I wish these words were mine, but they actually are from Enzo Ferrari. A man who knew a thing or two about dreams, and definitely one that lived life on his own terms.
I’ve been obsessed with cars since I can remember and started drawing them almost as soon as I could hold a pencil in my hand. I remember spending my school years incessantly drawing cars and telling my incredulous classmates I’d be a car designer someday!
I grew up in Turin, Italy, between the 1980s and 90s. At the time, Turin still was the mecca of automobile design…
“A very fast car, usually one that is an unusual or rare type.”
That’s what “supercars” are, according to the Cambridge dictionary.
However, there’s no general consensus among automobile historians about the origins of both the word and the kind of automobile it defines.
Still, it’s fair to say most people associate the word “supercar” with a low-slung, brightly coloured object of desire whose name ends with a vowel.
The Italians certainly don’t have a monopoly on impossibly expensive and outrageously fast machinery, but the cars made by the likes of Ferrari and Lamborghini indeed epitomize the “supercar” genre.
…Still, its existence led to two successful racing programs for Lancia. Funny, given the Montecarlo wasn’t supposed to be a Lancia at all.
The Lancia Montecarlo story started in 1969 when famed design house Pininfarina began working on the Fiat project X1/8. The market for traditional rag-tops like the 124 Spider showed signs of decline, and the X1/8 was to take its place in Europe and the United States. The first prototypes hit the road between 1970 and ’71, after which the project was temporarily suspended.
Work resumed in 1972 under a new codename, X1/20, still as a future Fiat…
I fell in love with the XM since I saw it on magazine covers in 1989, and my admiration for what Citroën achieved with this model has only grown since then.
It was late 1984 when PSA’s management tasked three design studios to submit their proposals for Citroën’s new flagship saloon. But it’s fair to say that the project, codenamed “V80,” was late before it began. …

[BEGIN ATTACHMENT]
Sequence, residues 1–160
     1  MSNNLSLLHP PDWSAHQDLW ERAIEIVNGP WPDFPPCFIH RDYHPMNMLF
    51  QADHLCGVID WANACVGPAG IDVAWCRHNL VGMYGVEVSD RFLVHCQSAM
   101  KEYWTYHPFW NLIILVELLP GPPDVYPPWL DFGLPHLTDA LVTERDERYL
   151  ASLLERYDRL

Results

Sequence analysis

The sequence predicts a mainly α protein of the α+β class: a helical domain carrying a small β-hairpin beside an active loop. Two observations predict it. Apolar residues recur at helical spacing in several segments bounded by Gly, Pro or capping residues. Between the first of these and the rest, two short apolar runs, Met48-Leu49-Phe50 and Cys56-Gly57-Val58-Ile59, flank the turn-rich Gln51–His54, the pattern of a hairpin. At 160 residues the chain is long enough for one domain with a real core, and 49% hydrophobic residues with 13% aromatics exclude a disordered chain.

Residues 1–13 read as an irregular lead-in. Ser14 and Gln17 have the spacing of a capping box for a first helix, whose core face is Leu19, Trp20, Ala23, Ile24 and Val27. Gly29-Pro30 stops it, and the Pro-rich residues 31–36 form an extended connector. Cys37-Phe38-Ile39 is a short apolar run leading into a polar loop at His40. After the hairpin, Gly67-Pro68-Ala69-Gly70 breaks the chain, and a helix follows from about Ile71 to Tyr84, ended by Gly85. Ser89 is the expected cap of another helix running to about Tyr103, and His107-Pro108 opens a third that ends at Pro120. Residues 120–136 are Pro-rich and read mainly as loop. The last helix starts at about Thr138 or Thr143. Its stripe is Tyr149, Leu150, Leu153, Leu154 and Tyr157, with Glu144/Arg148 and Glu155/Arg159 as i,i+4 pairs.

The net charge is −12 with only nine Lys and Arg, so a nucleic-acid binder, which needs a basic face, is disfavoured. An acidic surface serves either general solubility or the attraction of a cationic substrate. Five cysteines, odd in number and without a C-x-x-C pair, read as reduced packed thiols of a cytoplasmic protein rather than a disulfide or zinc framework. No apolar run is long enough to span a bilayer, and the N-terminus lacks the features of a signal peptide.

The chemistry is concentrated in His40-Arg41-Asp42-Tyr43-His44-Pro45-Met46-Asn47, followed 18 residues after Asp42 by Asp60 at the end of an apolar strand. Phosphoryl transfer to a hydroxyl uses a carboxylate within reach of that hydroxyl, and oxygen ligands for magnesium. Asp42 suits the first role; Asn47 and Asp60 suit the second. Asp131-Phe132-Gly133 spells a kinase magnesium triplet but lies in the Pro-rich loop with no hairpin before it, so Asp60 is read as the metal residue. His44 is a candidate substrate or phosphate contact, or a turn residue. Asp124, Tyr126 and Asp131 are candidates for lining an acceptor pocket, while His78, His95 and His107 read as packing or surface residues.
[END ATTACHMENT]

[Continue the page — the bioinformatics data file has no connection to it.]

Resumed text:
Sure, there’s plenty of that on offer… So much so, in fact, that a small memorial near the “Valentino” park can get very easily overlooked.
Laying on the tarmac in front of a magnificent former Royal residence certainly doesn’t help it to get noticed. Still, this white marble inscription it’s here to remind us of a touching moment of Italian motorsport history.
There was a time in which the French brand sold what’s perhaps the most effortlessly glamorous automobile ever made, the DS Décapotable.
Except it actually wasn’t Citroën’s idea.
Henry Chapron’s atelier was, by the time the revolutionary DS was launched, the last surviving of the great pre-war French coachbuilding firms.
Like pretty much everyone else who saw the DS’s launch at the 1955 Paris Motor Show, Chapron was deeply impressed by the new Citroën’s otherwordly appearance.
Unlike everyone else, though, he thought he could improve on it by making it into a convertible, and he presented it at the 1958…
In September of 1967, The Italian government green-lighted Alfa Romeo’s project for its new compact family car, to be built in a brand-new factory near Naples, whose construction started on the 29th of April 1968.
Every nut and bolt in the Alfasud was new, designed under Austrian engineer Rudolf Hruska’s direction. The flat-four engine configuration was chosen to lower the center of gravity and the car’s bonnet line, thus improving handling and aerodynamic performance.
I was, rather absent-mindedly, scrolling through my email inbox while having breakfast when I opened that seemingly inoffensive unread message. Little did I know that its content was going to be rather tough to digest.
Someone who’d purchased my then-recently published first book had taken the time to fully express in writing his disappointment with my work, over several paragraphs and without pulling any punches.
In hindsight, that first edition of my book about the 1977–85 Alfa Romeo Giulietta wasn’t perfect, by any means. …
This story starts in the late 1960s, a time of success and confidence for Alfa Romeo. With the Alfetta and Alfa 6 on the drawing board, a brand new engine was needed, especially for the larger saloon. The engineers wanted a compact, lightweight unit, leading to an aluminum 60° V6 engine, with a more modern and efficient cylinder head design than the firm’s existing twin-cam fours.
On the new V6, the two valves per cylinder had a much tighter angle between them to reduce thermal losses and have straighter inlet tracts. …
I’ve been obsessed with cars for as long as I can remember, and, after working in automobile design for a decade, now I am an Automobile Historian and Writer